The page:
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Turning Jarvis from a Street for Cars to a Street for Everyone

The City of Toronto is looking to “improve” the Jarvis Streetscape, and it’s about time.

Jarvis is one of the most unpleasant streets to be on in downtown Toronto if you’re a cyclist or pedestrian. The lanes are narrow (meaning no room for cyclists), and it’s 5 lanes wide with narrow sidewalks – meaning walking on it is not a pleasant activity. The sad fact is, Jarvis is known more for the “Hooker Harveys” at Gerrard and a quick(ish) way to get to the Gardiner Expressway.

The city says it wants to make Jarvis more people-friendly:

Around 1997, the City of Toronto embarked on an streetscape improvement feasibility study that would see Jarvis Street regain at least a modicum of its former glory—rearranging traffic flow, adding sustainable greenery, preserving historical sites, and significantly enhancing activity on the pedestrian level. Rogers Communications, which is headquartered at Jarvis and Bloor, donated a large amount of money toward the redevelopment plans, which aim to revamp the corridor north of Queen. Following exhaustive research and more than a decade later, the Jarvis Street Streetscape Improvement plan has now been formally introduced. [Torontoist]

Unfortunately, while the city has great goals, it says that it can’t do much… it can’t widen sidewalks because of utility lines and infrastructure under the road – and it doesn’t want to add bikelanes because there are no bikelanes on Jarvis in the BikePlan.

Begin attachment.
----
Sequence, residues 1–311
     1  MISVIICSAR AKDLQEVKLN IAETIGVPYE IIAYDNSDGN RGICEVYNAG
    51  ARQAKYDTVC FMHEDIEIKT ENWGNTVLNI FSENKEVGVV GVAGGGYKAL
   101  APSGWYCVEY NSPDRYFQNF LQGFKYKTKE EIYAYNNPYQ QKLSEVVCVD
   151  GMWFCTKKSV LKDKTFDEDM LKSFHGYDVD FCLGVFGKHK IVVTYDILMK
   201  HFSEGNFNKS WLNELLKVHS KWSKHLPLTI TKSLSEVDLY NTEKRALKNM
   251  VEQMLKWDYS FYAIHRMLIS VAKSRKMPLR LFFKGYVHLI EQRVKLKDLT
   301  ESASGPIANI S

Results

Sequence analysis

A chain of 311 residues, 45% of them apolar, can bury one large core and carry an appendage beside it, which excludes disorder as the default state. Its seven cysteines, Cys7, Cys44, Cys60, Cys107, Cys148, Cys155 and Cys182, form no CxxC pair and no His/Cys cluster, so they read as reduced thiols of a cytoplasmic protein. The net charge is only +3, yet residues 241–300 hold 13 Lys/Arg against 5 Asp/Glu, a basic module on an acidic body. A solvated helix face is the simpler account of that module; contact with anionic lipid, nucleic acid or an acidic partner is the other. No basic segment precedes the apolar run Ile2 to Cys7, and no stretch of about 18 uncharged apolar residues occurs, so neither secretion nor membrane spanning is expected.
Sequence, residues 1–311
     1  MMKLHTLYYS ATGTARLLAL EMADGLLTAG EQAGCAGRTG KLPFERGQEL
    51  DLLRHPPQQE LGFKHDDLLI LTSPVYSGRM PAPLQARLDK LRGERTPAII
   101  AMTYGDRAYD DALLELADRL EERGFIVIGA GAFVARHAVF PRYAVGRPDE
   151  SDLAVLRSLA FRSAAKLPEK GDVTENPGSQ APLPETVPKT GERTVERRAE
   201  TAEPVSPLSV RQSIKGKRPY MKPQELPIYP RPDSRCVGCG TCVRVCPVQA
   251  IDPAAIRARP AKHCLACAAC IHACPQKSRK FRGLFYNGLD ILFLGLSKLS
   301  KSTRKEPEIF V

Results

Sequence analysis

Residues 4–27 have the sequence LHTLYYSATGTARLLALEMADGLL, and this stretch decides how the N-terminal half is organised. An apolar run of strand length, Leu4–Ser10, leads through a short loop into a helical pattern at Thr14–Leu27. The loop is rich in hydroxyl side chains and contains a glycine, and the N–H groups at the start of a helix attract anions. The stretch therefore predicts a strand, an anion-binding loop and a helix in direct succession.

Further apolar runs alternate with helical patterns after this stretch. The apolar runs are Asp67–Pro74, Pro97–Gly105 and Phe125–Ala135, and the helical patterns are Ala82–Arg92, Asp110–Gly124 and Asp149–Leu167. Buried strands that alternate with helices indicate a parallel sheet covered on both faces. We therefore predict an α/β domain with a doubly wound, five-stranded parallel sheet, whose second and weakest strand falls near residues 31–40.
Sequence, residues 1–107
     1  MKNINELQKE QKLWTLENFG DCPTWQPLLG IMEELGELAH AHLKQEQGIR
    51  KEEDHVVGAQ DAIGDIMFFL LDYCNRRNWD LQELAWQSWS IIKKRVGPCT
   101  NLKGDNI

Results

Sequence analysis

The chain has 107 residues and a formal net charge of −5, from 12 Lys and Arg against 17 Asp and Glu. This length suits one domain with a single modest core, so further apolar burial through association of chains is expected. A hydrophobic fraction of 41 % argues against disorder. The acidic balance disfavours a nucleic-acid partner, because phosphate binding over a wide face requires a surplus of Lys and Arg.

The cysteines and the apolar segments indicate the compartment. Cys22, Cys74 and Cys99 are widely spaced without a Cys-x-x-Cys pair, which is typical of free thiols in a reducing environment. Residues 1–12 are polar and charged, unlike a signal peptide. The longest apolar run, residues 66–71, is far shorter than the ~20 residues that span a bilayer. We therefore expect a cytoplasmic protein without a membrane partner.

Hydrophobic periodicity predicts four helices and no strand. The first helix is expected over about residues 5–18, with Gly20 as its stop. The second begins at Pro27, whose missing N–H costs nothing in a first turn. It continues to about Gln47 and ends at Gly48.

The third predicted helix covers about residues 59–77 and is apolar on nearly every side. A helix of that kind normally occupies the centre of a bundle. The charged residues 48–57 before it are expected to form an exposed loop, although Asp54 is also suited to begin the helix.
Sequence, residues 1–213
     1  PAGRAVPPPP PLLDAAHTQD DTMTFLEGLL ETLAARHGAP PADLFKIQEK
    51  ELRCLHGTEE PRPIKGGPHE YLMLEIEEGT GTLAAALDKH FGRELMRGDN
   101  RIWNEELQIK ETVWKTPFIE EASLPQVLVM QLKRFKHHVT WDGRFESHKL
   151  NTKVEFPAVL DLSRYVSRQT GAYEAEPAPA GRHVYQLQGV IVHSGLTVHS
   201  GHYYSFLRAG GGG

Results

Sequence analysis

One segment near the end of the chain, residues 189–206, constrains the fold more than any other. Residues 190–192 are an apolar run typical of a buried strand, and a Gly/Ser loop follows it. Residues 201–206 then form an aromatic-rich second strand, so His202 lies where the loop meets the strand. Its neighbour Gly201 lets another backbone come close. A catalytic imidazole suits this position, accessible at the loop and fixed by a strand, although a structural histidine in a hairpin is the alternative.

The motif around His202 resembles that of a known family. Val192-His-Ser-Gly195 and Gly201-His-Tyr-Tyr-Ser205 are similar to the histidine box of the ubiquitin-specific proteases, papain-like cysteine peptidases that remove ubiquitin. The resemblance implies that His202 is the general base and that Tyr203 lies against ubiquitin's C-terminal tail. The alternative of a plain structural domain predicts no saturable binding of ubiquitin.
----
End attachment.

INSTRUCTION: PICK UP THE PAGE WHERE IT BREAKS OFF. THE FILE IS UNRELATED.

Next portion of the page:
A Traffic Study Report (PDF) from 2005 for this Jarvis Improvement Project also has language that sounds like it’s recommending cyclists stay off of Jarvis and use Sherbourne instead [pages 38-39]. It does not go into the possibility that Sherbourne gets higher numbers of cyclists because it is more cyclist friendly.

If you want to ask the City for bikelanes (or anything else) on Jarvis, contact them:

Maogosha Pyjor
City of Toronto, Public Consultation Unit
Tel: 416-338-2850
Email: Jarvis@toronto.ca
Facebook Group: Jarvis Streetscape Improvement

24 Hour Comment Line: 416-397-7777
Fax: 416-392-2974
TTY: 416-397-0831
Mail: City of Toronto, Public Consultation Unit
55 John Street, 19th Floor, Toronto ON, M5V 3C6

Personally, I think the reasons the city is using to not include bikelanes on the new Jarvis are not valid:

1) The road won’t be wide enough – this is only true if “traffic capacity” is the priority. Everything I read about this makes reference to the goal of not inconveniencing drivers too much. What happened to the goal of getting people out of cars and onto bikes and transit? What happened to pursuing a “Green City”? You’ll never have a pedestrian-friendly street if you think of drivers first and everyone else second.

2) There are bikelanes on Sherbourne – this is a reason for NOT putting bikelanes on Jarvis? Since the city likes to tell cycling advocates that “every street is a cycling street”, the fact that Sherbourne has bikelanes is irrelevant. Also, saying that “bikelanes on Sherbourne make cyclists safer” (as the meeting report does) proves the point that bikelanes on Jarvis would make things safer – not only for cyclists but for pedestrians.

Torontoist has a great post about this.


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